Innovative orangutans, Otzi the Iceman and snotty children

If you want to avoid catching a cold, keep your nose warm, wash your hands a lot and stay away from children.

November 18, 2008 | | Back Issues | Countryside Digest | Departments | Environment | Winter 2008

Johnny Applejack

“Sketchy though they were, the biographical facts were enough to make anyone question the saintly Golden Book’s version of Johnny Appleseed … but it was a single biological fact about the seeds themselves that made me realize that his story had been lost, and probably on purpose.

“The fact, simply, is this: apples don’t come true from seeds – that is, an apple grown from a seed will be a wildling bearing little resemblance to its parent. Anyone who wants edible apples plants grafted trees, for the fruit of seedling apples is almost always inedible – ‘sour enough,’ Thoreau once wrote, ‘to set a squirrel’s teeth on edge and make a jay scream.’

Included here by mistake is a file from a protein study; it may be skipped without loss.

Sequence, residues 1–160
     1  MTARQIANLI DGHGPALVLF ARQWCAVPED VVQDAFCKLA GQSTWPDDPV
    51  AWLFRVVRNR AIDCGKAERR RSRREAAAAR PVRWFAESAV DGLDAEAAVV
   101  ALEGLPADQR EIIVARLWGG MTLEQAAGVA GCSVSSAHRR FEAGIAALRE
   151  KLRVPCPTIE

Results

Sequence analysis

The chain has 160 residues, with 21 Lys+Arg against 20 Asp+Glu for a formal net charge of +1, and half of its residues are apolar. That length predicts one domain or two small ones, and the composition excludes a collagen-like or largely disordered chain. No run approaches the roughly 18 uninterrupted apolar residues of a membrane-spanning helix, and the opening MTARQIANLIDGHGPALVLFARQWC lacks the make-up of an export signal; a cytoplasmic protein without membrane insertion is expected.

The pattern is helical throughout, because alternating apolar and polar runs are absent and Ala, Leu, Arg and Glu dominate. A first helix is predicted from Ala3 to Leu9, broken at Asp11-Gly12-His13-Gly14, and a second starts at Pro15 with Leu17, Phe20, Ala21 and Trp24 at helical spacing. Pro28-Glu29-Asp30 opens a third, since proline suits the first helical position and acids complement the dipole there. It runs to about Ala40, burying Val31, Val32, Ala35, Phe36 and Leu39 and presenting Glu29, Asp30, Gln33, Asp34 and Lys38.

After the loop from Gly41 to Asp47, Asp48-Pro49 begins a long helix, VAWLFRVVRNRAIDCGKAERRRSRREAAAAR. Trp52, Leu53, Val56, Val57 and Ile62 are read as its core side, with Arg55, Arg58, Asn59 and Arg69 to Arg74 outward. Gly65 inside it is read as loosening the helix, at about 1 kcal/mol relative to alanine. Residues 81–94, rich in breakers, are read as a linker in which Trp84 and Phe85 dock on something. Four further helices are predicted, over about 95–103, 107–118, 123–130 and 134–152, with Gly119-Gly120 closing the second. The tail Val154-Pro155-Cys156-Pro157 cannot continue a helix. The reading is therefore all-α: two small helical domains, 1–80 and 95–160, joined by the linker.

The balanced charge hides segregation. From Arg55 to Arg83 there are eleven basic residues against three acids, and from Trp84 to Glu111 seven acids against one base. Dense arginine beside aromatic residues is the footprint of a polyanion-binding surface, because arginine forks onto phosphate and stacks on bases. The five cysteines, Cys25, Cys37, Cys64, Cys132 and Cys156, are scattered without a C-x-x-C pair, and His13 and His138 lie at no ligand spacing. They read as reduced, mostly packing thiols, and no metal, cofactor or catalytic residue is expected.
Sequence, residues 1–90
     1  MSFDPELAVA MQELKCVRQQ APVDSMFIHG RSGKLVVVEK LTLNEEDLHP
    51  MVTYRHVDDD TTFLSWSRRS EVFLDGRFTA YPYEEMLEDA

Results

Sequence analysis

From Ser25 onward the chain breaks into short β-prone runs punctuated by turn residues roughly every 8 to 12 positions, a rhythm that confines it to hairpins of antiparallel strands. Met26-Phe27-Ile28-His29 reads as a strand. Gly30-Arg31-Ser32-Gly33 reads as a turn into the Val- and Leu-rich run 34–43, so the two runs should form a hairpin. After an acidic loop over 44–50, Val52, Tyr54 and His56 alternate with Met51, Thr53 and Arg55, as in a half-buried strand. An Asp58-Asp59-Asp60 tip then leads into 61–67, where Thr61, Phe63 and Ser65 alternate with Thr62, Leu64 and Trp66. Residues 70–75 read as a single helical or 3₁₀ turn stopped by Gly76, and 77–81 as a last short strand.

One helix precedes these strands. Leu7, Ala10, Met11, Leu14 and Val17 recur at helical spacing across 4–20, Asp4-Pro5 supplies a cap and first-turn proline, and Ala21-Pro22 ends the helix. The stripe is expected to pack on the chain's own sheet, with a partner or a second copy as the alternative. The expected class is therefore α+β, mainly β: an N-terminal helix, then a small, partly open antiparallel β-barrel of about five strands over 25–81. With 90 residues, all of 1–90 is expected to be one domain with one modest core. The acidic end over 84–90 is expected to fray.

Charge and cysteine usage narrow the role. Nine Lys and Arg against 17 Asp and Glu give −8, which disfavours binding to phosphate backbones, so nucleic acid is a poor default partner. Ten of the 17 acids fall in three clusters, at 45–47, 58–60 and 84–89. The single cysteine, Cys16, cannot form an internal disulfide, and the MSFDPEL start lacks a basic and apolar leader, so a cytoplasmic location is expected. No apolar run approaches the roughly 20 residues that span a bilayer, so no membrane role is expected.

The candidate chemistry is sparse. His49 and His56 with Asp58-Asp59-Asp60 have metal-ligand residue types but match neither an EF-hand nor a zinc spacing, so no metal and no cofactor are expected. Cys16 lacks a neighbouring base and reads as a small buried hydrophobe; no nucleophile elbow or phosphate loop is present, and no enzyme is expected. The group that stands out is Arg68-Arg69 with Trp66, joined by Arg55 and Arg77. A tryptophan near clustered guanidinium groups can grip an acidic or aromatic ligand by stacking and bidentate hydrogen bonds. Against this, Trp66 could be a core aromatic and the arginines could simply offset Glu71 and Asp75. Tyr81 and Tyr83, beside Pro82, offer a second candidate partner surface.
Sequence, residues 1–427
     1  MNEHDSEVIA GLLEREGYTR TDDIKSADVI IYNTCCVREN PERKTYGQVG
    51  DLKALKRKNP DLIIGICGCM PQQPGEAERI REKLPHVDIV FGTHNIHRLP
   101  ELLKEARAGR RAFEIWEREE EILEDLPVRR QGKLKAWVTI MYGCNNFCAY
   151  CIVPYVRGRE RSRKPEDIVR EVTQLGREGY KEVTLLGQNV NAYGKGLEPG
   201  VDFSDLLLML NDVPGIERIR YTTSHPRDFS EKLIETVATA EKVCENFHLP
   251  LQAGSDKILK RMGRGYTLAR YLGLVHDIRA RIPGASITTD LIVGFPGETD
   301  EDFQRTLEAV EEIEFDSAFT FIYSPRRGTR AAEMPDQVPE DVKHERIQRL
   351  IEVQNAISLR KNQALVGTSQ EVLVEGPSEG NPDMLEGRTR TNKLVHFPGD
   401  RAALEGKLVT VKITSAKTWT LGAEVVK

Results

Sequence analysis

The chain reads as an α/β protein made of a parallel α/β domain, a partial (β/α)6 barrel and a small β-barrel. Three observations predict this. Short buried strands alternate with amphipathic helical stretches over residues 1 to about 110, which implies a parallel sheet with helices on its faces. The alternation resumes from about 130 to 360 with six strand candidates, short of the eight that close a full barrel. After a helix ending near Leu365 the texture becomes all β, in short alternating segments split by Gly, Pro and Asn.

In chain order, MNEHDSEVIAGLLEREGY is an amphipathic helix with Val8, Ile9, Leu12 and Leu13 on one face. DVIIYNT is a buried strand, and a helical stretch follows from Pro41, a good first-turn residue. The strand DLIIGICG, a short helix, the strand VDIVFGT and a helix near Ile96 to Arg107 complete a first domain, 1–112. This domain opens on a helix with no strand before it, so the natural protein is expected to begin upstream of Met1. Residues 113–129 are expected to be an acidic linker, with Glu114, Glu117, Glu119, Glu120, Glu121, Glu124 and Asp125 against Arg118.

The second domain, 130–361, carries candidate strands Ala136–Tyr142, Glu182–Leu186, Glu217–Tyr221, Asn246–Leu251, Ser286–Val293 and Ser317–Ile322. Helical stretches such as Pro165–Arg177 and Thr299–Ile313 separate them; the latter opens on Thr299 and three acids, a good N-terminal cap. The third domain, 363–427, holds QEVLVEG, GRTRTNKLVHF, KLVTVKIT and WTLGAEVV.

“Thoreau claimed to like the taste of such apples, but most of his countrymen judged them good for little but hard cider … Apples were something that people drank … Johnny Appleseed was bringing the gift of alcohol to the frontier.” From The Botany of Desire, by Michael Pollan, Random House, 2002.

Fashion in 3300 bc

“Seventeen years after emerging from an Alpine glacier, the 5,300-year-old frozen mummy known as Otzi the Iceman continues to reveal new secrets. Scientists reported last week that analyses of single hairs show that his clothes were made from the hides of domesticated animals. His coat and leggings were probably sheepskin, and his moccasins were cowhide.” From Science, Aug 29/08.

Love in 3300 bc